A set of 23 BAC clones were sequenced in order to assess the accuracy of the assembly. Minor variants were detected in the comparison of the fosmid clones and the assembly. In all 23 BAC clones, the alignments were of high quality (<0.35% bp error), with an overall bp error rate (including marked gap bases) in the BAC clones of 0.24% (1,831 discrepant bp out of 3,063,805; Supplementary file 4).
Consensus repeat families were predicted de novo for the A. coerulea v3.0 assembly by the RepeatModeler pipeline (Smit and Hubley, 2015). These consensus sequences were annotated for PFAM and Panther domains, and any sequences known to be associated with non-TE function were removed. The final curated library was used to generate a softmasked version of the A. coerulea 'Goldsmith' v3.0 assembly.
A total of 246 million paired-end and a combined 1 billion single-end RNAseq reads from a diverse set of tissues and related Aquilegia species (Supplementary file 5 and BioProject ID PRJNA270946 [Yant et al., 2015]) were assembled using PERTRAN (Shu et al., 2013) to generate a candidate set containing 188,971 putative transcript assemblies. The PERTRAN candidate set was combined with 115,000 full length ESTs (the 85,000 sequence cDNA library derived from an A. formosa X A. pubescens cross (Kramer and Hodges, 2010) and 30,000 Sanger sequences of A. formosa sequenced at JGI) and aligned against the v3.0 assembly of the A. coerulea 'Goldsmith' genome by PASA (Haas et al., 2003).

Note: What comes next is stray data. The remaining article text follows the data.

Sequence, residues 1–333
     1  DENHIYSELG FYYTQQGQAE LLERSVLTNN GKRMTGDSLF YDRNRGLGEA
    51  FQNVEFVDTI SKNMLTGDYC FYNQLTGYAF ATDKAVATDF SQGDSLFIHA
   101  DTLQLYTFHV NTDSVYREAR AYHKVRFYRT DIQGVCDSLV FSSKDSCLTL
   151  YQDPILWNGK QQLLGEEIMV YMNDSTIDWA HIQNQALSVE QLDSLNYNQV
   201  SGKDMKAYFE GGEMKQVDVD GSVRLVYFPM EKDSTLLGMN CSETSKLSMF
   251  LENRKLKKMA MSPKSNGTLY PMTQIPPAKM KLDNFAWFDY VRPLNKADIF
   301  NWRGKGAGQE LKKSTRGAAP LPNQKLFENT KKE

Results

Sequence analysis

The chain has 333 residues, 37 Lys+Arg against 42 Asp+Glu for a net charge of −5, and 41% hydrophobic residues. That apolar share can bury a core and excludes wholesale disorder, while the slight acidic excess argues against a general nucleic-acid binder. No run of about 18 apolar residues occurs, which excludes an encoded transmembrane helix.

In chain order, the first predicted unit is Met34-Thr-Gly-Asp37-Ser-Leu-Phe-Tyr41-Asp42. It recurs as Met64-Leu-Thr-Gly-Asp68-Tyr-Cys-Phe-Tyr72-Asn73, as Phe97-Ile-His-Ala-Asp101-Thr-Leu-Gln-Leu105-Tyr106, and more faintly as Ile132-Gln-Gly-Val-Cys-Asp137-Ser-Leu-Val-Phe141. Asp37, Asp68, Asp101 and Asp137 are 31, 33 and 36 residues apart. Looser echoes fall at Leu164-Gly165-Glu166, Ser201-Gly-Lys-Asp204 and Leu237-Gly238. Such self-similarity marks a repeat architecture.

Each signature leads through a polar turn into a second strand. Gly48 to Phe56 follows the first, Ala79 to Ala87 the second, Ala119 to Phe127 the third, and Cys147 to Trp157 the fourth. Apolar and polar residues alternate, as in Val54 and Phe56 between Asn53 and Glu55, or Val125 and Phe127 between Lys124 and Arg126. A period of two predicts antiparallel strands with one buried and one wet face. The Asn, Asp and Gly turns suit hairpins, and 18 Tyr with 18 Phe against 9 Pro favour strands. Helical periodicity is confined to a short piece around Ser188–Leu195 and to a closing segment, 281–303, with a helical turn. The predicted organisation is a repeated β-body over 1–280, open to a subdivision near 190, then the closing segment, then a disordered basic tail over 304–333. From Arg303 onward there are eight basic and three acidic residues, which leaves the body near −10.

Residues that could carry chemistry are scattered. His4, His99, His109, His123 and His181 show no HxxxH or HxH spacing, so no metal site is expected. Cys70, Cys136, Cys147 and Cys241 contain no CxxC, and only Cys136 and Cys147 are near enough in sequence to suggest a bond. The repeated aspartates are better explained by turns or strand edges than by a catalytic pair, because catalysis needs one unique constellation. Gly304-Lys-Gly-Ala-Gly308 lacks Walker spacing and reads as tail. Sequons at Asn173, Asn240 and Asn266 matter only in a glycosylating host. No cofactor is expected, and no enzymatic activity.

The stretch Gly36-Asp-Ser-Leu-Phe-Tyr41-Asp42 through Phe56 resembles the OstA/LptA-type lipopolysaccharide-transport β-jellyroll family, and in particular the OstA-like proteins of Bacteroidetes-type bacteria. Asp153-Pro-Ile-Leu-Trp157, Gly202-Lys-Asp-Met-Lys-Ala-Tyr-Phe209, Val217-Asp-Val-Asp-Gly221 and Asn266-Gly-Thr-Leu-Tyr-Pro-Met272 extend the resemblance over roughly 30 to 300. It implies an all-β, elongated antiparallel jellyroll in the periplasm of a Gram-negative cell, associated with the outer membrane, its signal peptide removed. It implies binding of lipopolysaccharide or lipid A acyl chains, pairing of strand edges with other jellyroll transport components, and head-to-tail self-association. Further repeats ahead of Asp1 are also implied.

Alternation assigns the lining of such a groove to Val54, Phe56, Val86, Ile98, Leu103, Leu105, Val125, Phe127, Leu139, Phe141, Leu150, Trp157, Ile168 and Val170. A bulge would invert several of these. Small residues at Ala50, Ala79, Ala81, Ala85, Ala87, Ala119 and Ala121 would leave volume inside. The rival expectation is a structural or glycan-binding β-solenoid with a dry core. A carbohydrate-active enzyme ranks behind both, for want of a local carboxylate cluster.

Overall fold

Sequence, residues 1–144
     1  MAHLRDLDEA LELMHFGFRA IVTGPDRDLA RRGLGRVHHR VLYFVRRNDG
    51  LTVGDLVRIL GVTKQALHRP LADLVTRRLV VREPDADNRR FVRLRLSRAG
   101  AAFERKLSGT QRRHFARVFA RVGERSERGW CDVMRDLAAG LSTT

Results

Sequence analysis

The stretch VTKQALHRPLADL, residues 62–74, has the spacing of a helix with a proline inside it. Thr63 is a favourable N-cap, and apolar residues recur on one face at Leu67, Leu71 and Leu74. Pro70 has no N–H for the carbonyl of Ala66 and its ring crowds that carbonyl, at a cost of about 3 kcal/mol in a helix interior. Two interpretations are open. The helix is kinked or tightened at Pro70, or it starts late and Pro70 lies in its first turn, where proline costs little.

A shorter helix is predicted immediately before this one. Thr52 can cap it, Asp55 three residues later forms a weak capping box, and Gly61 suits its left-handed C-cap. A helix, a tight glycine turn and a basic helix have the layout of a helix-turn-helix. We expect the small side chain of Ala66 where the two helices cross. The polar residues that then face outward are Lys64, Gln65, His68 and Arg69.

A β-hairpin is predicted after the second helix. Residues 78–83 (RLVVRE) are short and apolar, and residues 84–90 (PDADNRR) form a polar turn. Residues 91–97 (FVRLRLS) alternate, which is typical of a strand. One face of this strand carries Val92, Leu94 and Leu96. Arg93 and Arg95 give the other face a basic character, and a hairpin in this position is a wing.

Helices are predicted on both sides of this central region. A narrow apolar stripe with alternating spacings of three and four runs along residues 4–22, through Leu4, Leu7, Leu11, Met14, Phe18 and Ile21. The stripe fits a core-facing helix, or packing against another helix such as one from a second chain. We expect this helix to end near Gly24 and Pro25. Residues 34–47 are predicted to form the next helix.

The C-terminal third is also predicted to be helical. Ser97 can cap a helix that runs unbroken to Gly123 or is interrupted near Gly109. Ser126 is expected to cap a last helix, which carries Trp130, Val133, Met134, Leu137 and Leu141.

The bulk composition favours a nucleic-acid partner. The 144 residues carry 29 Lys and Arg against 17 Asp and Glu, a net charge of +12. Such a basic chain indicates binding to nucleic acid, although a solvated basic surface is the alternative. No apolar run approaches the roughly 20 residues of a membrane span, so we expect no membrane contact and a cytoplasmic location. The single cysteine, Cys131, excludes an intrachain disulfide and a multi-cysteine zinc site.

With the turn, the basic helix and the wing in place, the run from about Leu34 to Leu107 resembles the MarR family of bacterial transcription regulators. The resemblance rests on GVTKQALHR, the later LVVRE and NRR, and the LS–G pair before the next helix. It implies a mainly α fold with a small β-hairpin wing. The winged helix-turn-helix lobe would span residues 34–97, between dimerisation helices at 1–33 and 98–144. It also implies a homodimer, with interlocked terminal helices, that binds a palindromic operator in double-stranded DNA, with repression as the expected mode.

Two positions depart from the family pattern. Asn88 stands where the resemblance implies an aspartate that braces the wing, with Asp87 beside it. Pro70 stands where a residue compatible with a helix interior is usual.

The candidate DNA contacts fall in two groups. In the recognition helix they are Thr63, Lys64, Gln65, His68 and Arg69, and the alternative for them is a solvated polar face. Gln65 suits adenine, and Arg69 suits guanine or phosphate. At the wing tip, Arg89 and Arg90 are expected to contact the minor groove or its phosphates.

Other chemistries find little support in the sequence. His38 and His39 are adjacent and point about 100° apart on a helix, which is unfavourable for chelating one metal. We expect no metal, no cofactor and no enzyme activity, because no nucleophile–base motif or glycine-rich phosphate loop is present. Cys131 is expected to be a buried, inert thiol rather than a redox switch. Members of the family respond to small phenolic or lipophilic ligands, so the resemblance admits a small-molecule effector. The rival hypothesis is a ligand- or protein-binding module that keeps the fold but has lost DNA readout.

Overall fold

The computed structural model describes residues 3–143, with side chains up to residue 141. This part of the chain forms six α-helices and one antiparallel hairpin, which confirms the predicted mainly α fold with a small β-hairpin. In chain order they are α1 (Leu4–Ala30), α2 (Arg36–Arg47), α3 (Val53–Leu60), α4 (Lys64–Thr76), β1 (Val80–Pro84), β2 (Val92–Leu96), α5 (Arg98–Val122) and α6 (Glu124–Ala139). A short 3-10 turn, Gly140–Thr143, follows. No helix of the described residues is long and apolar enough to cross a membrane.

Loci were determined by BLAT alignments of above transcript assemblies and/or BLASTX of the proteomes of a diverse set of angiosperms (Arabidopsis thaliana TAIR10, Oryza sativa v7, Glycine max Wm82.a2.v1, Mimulus guttatus v2, Vitus vinifera Genoscape.12X and Poplar trichocarpa v3.0). These protein homology seeds were further extended by the EXONERATE algorithm. Gene models were predicted by homology-based predictors, FGENESH+ (Salamov and Solovyev, 2000), FGENESH_EST (similar to FGENESH+, but using EST sequence to model splice sites and introns instead of putative translated sequence), and GenomeScan (Yeh et al., 2001).